Morals and the Man of Steel

man of steel analysisSo Man of Steel came out a couple weeks ago and people are still debating their takes on it. While some have complained about the quality of the movie, most are talking about the morals at play in the end of the film.

But first, let’s look at the pieces that make up this story.

WARNING: SPOILERS AND CONJECTURE AHEAD!

I think that the film did a great job at not only setting up a new on screen version of Superman (that only took, what, 20 years?), but was very well done, both cinematically and in a story-telling capacity. The way that the film took a somewhat non-linear approach to the origin of Superman, helping to tie in events in Clark’s past with his current struggles, helped to distance it from the Christopher Reeve-led Superman The Movie and give it a more modern feel.

Scenes of Clark’s childhood and the death of Pa Kent (I SAID SPOILERS!!!) were made more emotionally impactful since we were already investing ourselves in Clark and his destiny. In life, we are often impacted by events we see on the news that have caused strangers to suffer, since we are all taking part in the shared human existence. But when we learn of traumatic experiences suffered in the past by those we have already come to know and love, we are often devastated.

Getting to know Clark, both in seeing the sacrifice of his Kryptonian parents and travelling with him around the world, makes learning of his past difficulties all the more emotionally striking.

Speaking of the Man of Steel’s home planet, holy crap, Russell Crowe absolutely BROUGHT IT as Jor-El! We are immediately brought into the exotic and war-torn world of Krypton within the first minute of the movie. With crazy imagery, huge explosions, and giant set pieces, it could be easy to be lost within the opening moments of the film. However, Crowe is magnetic and powerful, radiating gravitas as he races to save his son and stop General Zod. Riding a giant bird-wolf hybrid beast, diving through birthing chambers, and stomping everyone in his way, he immediately makes an impact in the film. One of the smartest moves they made in Man of Steel was making sure that Jor-El had a continued presence in the film until the final act.

Henry Cavill did a great job as Superman. Seeing his evolution from a lost Clark Kent into finally a Superman who embraces his full Kryptonian power was the throughline of the story, and he carried it well. Beyond bulking up to a huge proportion for the look of Superman, he easily displayed the emotions and difficulties he struggled with in both the quiet moments of the film and the enormous battles that comprise a large majority of the second half of the movie.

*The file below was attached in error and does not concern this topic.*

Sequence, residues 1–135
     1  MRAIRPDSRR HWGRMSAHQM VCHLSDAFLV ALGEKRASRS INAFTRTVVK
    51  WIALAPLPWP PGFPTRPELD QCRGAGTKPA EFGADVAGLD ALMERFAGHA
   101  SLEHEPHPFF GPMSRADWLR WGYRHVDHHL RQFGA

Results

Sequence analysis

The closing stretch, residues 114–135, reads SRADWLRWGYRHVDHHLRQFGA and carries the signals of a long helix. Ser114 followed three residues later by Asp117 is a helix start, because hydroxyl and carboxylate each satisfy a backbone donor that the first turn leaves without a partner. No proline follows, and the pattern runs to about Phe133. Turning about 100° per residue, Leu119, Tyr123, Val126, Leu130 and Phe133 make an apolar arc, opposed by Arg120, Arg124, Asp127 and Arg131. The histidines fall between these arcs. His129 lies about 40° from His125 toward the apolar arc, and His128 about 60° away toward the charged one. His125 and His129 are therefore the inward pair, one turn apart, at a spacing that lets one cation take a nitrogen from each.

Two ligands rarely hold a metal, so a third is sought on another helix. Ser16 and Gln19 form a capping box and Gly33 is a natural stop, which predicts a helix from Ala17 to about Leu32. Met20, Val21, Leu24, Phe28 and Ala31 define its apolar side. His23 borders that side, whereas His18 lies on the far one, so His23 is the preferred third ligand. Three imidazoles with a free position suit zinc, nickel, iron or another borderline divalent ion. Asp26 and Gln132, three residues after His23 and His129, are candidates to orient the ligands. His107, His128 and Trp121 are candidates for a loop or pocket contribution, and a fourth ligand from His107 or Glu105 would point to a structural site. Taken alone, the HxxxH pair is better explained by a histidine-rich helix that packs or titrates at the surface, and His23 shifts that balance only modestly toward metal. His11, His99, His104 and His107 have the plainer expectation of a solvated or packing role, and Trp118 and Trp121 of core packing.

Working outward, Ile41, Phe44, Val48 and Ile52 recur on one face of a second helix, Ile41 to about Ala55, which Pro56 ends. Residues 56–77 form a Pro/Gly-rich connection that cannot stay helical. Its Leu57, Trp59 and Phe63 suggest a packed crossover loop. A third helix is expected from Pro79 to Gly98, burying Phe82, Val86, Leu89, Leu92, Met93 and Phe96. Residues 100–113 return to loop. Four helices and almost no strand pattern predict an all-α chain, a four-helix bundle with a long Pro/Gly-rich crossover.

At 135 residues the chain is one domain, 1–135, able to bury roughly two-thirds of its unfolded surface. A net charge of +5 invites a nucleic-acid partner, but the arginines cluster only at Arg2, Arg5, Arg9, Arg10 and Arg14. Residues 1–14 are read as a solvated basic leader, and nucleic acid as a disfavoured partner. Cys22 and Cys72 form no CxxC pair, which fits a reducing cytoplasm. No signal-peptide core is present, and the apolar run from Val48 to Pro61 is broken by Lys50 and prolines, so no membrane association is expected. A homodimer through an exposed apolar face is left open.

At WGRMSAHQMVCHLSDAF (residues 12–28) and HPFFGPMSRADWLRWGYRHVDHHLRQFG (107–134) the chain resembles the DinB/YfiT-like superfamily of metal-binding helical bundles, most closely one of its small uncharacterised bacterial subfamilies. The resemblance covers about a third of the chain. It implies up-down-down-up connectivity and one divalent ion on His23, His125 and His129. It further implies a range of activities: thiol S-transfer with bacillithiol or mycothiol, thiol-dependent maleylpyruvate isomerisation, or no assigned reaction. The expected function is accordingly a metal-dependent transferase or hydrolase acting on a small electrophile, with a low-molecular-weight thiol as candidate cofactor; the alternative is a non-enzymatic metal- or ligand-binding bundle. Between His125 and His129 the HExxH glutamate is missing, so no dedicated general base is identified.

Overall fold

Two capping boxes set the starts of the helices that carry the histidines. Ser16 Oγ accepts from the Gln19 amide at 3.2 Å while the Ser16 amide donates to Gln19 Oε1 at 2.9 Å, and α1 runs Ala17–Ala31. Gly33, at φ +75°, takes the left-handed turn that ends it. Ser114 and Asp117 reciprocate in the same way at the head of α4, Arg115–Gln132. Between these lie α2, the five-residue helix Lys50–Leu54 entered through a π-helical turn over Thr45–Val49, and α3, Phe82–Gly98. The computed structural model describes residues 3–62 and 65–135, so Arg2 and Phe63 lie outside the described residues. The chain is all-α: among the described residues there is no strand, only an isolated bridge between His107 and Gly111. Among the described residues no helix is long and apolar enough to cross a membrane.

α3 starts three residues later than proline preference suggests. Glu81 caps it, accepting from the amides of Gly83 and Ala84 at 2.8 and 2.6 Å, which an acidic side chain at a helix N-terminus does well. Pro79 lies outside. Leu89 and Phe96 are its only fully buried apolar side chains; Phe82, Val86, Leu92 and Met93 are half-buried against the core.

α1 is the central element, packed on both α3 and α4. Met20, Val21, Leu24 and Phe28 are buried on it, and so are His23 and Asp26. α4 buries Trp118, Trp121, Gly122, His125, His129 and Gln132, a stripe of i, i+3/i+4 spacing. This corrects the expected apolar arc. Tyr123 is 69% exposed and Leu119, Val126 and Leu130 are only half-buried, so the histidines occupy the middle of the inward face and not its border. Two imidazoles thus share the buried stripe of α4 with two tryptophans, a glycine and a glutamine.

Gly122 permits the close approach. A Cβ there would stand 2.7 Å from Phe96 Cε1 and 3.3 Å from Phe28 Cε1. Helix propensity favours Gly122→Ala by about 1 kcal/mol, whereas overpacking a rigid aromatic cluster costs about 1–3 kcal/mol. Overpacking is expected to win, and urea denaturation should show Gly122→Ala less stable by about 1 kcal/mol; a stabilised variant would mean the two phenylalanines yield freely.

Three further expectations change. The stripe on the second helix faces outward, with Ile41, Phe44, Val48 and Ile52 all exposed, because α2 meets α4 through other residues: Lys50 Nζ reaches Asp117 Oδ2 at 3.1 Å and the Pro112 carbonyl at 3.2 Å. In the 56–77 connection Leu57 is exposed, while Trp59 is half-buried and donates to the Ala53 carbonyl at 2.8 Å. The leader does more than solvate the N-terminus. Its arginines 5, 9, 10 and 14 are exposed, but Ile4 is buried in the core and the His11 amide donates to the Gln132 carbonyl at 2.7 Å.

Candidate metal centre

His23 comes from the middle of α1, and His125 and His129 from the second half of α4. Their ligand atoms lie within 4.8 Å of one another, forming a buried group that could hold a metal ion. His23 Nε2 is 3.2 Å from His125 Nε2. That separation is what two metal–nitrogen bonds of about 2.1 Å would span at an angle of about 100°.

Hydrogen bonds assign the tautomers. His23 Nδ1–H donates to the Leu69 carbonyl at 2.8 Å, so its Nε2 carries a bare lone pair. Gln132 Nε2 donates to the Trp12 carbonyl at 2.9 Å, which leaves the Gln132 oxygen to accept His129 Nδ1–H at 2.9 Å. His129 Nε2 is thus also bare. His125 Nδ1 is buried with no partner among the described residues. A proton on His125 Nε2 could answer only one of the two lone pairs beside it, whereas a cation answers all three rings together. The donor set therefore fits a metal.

If you’ve ever wanted to see Superman cut lose and start beating wholesale ass, Man of Steel is the movie for you. In fact, quite a few people I’ve talked to have said that the movie almost had too much action. Seeing Supes careen through the air and bounce Zod across miles of Metropolis is exciting and satisfying, with the widespread destruction and chaos taking my breath away. When the fight finally ended, I found my heart racing and my lungs needing to catch a breath.

man of steel morality

And Now to the Matter at Hand

There are probably hundreds of thousands of people dead by the end of the battle in Metropolis. Many of these were the result of Zod’s world engine flattening miles of the city, with countless citizens obviously caught within the destruction. However, Superman’s one-on-one fight with Zod also must have ended in thousands upon thousands of deaths. Moments in the battle, such as Clark being thrown through multiple skyscrapers within a few seconds, had me taken aback with the wanton destruction on screen. Shouldn’t Superman have prevented this? While Zod was determined to kill as many humans as possible (he says it himself), you would think that Superman would have tried to put him on the moon, over the ocean, or back out into the Midwest to avoid casualties.

In the end, Superman snapping Zod’s neck made sense to me. There were no more options. Either Zod dies or more people die. Not just the family in the train station, but millions more if Zod was not put down. Maybe Superman should have killed him sooner. Then again, that means less crazy action and drama in the story.

People say that Superman doesn’t kill. But the truth is Superman usually doesn’t HAVE to kill. Opponents like Lex Luthor, Metallo, Braniac, and Parasite may pose a challenge, but there are ways to stop them without killing them. However, a villain like Zod, or Doomsday in the comics, are just as powerful as Superman and cannot be restrained, only killed.

This doesn’t mean that Superman is going to start snapping the necks of everyone he sees, the toll of killing Zod obviously had a deep impact on him. Hopefully by the time Man of Steel 2 rolls around, (it better not be 2014 like the rumors say), Superman will be dedicated to preventing each and every death that he has the power to stop. After all, Superman is not only a symbol of hope, he is an embodiment of the best of us.

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One thought on “Morals and the Man of Steel

  1. Pingback: The 30 Greatest Comic Book Movies (Part 1 of 3) – Crisis on Infinite Thoughts

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